In the past few years, we have seen floods, low water, storms, and been locked down by a virus. Last year saw an infestation of Spongy Moth Caterpillars (formerly known as Gypsy Moths) resulting in the defoliation of many of our trees throughout the Islands.
As we head into summer, it is apparent that our latest plague has returned and is back in force, with massive numbers hatching out in our area, leaving us to wonder if we can stave off more damage to our trees.
Spongy Moth History
The caterpillars formerly known as Gypsy Moth Caterpillars (Lymantria dispar dispar) were introduced to North America in 1869 in an effort to produce a hardier breed of silkworm. They first escaped into the wild in Medford, Massachusetts and have become more widespread over time.
The spread of the insect has resulted in infestations from Ontario to North Carolina, and Massachusetts to Minnesota. The invasion continues to increase with major outbreaks occurring in 10-15 year cycles, corresponding to decrease in moth predator populations, primarily small mammals.
The Spongy Moth Caterpillar’s preferred food is the White Oak, but they also attack Maple, Alder, Beech, Apple, Willow, and others. They’ll even eat pines if food becomes scarce or during heavy infestations, such as last year’s attack in southern Ontario.
Complete defoliation of large areas can occur and was seen in our area in 2021. It looks like the current outbreak will mimic last year, and more damage to trees will occur. Most healthy trees can withstand 2-3 years of leaf loss and will regrow new leaves in July, after the caterpillars have stopped feeding. Successive years of leaf loss, however, will weaken and can kill the trees. Pines that are attacked do not readily grow new needles and are more likely to be lost to heavy infestation.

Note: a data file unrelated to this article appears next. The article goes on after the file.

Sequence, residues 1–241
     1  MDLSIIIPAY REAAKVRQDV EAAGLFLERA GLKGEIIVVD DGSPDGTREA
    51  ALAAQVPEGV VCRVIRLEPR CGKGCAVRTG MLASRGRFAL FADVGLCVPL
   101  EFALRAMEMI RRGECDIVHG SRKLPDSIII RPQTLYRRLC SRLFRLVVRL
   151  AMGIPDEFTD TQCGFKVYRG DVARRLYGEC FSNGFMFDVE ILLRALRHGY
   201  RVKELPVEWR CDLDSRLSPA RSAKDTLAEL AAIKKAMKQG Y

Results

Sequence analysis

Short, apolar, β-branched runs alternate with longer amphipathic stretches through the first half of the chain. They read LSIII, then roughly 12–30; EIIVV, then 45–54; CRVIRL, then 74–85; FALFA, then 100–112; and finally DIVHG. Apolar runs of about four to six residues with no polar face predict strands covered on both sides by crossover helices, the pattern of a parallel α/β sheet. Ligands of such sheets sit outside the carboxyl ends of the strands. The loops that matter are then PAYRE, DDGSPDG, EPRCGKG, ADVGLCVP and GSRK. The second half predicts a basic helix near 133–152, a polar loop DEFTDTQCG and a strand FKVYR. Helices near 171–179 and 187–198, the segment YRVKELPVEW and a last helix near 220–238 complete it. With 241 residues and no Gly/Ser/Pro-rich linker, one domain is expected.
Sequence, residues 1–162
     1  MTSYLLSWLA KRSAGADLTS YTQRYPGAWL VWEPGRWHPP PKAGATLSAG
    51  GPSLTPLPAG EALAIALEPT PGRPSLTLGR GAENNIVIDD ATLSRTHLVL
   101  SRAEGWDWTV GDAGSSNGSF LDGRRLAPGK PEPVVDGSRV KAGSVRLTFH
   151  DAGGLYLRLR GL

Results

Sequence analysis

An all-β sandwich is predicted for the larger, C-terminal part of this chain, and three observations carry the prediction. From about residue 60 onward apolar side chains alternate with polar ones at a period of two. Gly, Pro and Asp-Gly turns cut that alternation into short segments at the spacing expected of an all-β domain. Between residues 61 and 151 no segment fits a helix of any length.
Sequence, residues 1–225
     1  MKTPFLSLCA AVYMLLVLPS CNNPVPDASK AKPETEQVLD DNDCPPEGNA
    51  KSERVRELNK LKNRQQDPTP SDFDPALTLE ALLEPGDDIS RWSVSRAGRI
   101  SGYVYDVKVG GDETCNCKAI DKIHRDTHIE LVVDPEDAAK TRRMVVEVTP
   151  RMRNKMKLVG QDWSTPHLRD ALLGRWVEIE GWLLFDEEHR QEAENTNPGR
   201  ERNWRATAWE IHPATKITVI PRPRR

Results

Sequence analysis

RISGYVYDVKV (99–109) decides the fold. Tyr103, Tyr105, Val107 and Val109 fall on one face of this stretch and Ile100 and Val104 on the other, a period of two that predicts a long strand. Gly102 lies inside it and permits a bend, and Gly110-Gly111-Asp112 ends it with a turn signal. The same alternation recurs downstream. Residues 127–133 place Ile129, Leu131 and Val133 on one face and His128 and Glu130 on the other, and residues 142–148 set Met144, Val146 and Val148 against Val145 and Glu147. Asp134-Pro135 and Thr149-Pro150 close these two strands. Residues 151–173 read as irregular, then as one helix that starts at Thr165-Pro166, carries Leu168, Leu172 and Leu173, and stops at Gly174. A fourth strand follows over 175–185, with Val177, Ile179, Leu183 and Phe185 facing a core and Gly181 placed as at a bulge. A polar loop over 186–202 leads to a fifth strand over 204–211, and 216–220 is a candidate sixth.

Other stresses such as drought, excessive heat or moisture, and other insects can increase the possibility of tree death.
Spongy Moth Caterpillars typically hatch out of their egg masses in May, when the weather turns warmer, at the same time that young leaves begin to emerge. The insect is tiny when it emerges and remains totally black as it begins to feed.
As the caterpillars mature, they display their characteristic 5 pairs of blue dots and 6 pairs of red dots.
Look-alikes include the Eastern Tent Caterpillar, which has blue side markings and a white stipe along its length and forms communal nests, earning the “tent” name.
Another confusing specimen is the Forest Tent Caterpillar, sporting a pair of blue stripes bordering white dots that look life footprints. These also form communal nests in tree crooks and branches, something the Spongy Moth Caterpillar does not do.
Spongy Moth Caterpillar infestations typically last 2-4 years and usually end due to natural forces that we will mention later.
Eggs masses are deposited on many surfaces including tree trunks and branches, as well as almost any other hard surface. The tan colored egg masses contain 600 to 700 eggs and are deposited in August, with the embryo developing in the egg in the warmth of the summer’s end. As the weather cools, the fully developed but tiny caterpillar goes into a state of suspended animation and can survive our cold winter months.
Warming weather stimulates them to chew through their egg shell and emerge in large numbers, when they begin to disperse by moving to the tree canopies. Here, through a behavior called ballooning, they hang from a silk web and are spread by the wind over an area of up to 150 yards.
(photo of small caterpillars on Grenadier, May 14th 2022)
It is now that they become eating machines and grow rapidly, feeding at all hours until they are about an inch long.
After remaining in the tops of the trees when small, the larger caterpillars become night feeders and move down the tree in the morning to escape predators and the heat of the day. At this point, this change in their behavior presents an opportunity for control with techniques that I’ll mention later.
During the feeding phase, people often hear a sound like light rain falling and is often mistaken for the sound of the pests munching on the leaves. In actuality, it is the sound of the thousands of caterpillars defecating as they continue to mature.